The consultative committee (Concom) of President Duterte is not giving up on federalism even if he did not mention anything about it during his SONA.

Concom member and former senator Aquilino Pimentel Jr. said he is still pushing for the shift to federalism and is still campaigning for it until the Filipino people will understand its benefit to them.

Pimentel said he understands why Duterte did not mention federalism in his SONA as he believes that it is something that can be done under his administration since he still has three years before the end of his term.

“The issue about federalism is still being pushed and what is important is that the people understand it. I think that is why the President did not mention it because he believes he can still do it with the remaining three years of his administration,” Pimentel said in English and Filipino.

Reacting to critics of federalism, Pimentel said he respects their decision to express their sentiments, but he said they should not stop anybody from campaigning for federalism.

Former Concom spokesman Ding Generoso also said that Duterte’s decision not to discuss federalism during his SONA does not show that he is no longer interested in it, but could mean that he is thinking of strategies on how to present it to the public.

“To us, it means he’s not giving up on federalism. Maybe he is working on some strategies on how to make federalism work. We still think that it is going to be realized within his term,” Generoso said.

He added that Duterte’s Concom members rarely see each other after they submitted the draft constitution to the President, but said that he and former chief justice Reynato Puno are planning how to push for federalism. Puno was the chairman of the Concom created by Duterte.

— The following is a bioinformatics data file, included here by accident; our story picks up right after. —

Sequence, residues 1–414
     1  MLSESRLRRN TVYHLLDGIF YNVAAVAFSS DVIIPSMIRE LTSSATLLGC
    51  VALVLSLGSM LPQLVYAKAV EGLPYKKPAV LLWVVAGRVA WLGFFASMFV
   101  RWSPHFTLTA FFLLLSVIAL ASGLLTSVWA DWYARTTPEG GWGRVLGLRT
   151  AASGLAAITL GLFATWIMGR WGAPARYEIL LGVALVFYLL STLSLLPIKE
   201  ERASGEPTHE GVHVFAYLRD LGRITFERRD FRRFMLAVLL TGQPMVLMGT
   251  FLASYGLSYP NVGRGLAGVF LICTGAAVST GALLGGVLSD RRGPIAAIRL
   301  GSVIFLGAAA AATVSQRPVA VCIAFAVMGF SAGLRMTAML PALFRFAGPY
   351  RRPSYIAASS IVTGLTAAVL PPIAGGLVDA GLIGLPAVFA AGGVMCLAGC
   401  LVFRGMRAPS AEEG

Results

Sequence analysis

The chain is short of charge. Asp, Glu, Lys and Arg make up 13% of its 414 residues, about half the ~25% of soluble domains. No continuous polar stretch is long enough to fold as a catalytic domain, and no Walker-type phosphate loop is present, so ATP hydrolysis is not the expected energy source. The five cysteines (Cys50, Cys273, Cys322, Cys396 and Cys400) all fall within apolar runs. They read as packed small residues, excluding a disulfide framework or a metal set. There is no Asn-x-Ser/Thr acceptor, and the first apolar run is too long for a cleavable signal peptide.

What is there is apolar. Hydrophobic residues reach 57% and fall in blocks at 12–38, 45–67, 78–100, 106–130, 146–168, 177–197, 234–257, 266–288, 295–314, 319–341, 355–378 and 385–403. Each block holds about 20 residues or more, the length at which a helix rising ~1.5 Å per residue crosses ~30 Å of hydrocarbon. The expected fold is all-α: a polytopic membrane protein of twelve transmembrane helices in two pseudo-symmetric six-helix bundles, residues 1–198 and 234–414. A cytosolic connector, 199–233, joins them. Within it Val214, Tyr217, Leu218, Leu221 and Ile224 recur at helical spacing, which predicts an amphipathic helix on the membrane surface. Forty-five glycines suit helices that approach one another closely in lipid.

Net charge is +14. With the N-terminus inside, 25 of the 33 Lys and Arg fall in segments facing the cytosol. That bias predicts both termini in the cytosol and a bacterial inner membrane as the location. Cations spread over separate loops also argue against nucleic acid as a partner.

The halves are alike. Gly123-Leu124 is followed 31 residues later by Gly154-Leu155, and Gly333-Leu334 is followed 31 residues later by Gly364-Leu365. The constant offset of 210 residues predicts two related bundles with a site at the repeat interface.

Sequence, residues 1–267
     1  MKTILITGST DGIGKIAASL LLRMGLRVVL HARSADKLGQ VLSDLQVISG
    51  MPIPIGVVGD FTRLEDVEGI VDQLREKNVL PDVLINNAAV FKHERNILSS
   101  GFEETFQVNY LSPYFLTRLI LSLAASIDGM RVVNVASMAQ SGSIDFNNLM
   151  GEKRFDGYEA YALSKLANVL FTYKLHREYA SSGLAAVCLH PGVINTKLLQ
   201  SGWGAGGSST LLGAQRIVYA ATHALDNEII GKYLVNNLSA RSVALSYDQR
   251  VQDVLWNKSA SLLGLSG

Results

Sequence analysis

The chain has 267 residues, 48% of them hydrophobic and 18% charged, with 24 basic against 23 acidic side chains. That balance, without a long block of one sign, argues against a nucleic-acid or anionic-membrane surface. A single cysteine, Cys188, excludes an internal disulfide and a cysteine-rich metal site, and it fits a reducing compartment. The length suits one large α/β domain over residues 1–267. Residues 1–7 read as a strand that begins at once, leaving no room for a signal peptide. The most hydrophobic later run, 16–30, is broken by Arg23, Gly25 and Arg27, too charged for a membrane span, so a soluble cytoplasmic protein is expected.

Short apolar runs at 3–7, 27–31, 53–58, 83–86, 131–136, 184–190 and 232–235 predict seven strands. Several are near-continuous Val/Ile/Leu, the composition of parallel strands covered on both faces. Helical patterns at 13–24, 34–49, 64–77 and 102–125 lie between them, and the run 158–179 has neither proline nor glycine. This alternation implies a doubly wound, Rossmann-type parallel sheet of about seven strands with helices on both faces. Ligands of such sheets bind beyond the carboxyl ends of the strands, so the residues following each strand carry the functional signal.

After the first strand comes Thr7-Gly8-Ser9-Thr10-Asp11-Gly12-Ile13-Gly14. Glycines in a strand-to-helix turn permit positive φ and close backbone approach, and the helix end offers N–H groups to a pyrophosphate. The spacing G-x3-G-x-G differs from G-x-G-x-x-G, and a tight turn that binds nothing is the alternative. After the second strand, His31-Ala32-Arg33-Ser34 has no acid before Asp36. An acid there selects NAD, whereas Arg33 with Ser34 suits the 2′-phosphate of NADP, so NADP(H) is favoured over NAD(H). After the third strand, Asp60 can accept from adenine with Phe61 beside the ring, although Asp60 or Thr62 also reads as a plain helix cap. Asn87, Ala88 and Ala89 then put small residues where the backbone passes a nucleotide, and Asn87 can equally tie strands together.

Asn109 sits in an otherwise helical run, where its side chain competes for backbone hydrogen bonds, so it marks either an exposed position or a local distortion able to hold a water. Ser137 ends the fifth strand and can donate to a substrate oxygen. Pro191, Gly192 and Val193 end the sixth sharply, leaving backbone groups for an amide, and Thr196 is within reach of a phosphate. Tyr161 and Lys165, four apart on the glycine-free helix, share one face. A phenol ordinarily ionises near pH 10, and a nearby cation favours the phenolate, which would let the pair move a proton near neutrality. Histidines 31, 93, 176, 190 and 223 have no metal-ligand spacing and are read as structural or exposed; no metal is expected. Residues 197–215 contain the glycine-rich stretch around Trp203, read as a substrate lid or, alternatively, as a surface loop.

For now, Generoso said they are busy doing information drives and other campaigns on federalism apart from what the Department of the Interior and Local Government (DILG) is doing.

Next week, they are set to conduct the information campaign in Davao, Cagayan de Oro and Bukidnon, according to Generoso.

Renewed call vs Cha-cha

Meanwhile, Manila Auxiliary Bishop Broderick Pabillo yesterday reiterated his objection to the proposed amendments in the 1987 Constitution.

Pabillo again argued that Cha-cha under a Congress allegedly subservient to Duterte would not be beneficial to the people and to the country.

“The big danger to us now is that the majority of the Congress people and the senators are more beholden to Duterte than to the good of the Filipinos,” he said in a statement.

Pabillo, a vocal critic of the administration, alleged that the purpose of such proposal became clear after Cayetano recently proposed to extend the term of office of members of the House of Representatives.

“It is not really so much about federalism but about extension of terms of sitting politicians and the complete and full opening of Philippine economy and natural resources to foreigners,” Pabillo warned.

“It is a sellout of the Philippines to the moneyed foreigners. All the rhetoric that it will bring more investments and give more work for Filipinos is just a cover up to the plunder of the Philippines,” he added.

The bishop stressed that this is precisely the reason why the Church has been vehemently opposing the proposed Cha-cha.

“Our constant call since last year is no to Cha-cha because we do not trust the people now who will change (the Constitution). They have no competence, they are so self serving and their loyalty is not to the Filipino people but to their political ambitions and to Duterte,” he added. – With Robertzon Ramirez, Edu Punay